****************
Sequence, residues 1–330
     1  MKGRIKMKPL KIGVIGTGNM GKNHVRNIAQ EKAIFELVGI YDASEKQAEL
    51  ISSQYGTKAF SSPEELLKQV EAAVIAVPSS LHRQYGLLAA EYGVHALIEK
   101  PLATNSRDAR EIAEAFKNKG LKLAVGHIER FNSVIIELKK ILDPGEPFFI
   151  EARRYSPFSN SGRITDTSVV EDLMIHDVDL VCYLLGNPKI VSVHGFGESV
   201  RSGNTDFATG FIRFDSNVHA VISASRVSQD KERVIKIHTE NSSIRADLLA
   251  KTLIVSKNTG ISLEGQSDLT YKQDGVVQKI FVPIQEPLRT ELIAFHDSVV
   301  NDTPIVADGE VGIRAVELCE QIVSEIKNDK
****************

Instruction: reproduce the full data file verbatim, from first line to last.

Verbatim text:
Sequence, residues 1–330
     1  MKGRIKMKPL KIGVIGTGNM GKNHVRNIAQ EKAIFELVGI YDASEKQAEL
    51  ISSQYGTKAF SSPEELLKQV EAAVIAVPSS LHRQYGLLAA EYGVHALIEK
   101  PLATNSRDAR EIAEAFKNKG LKLAVGHIER FNSVIIELKK ILDPGEPFFI
   151  EARRYSPFSN SGRITDTSVV EDLMIHDVDL VCYLLGNPKI VSVHGFGESV
   201  RSGNTDFATG FIRFDSNVHA VISASRVSQD KERVIKIHTE NSSIRADLLA
   251  KTLIVSKNTG ISLEGQSDLT YKQDGVVQKI FVPIQEPLRT ELIAFHDSVV
   301  NDTPIVADGE VGIRAVELCE QIVSEIKNDK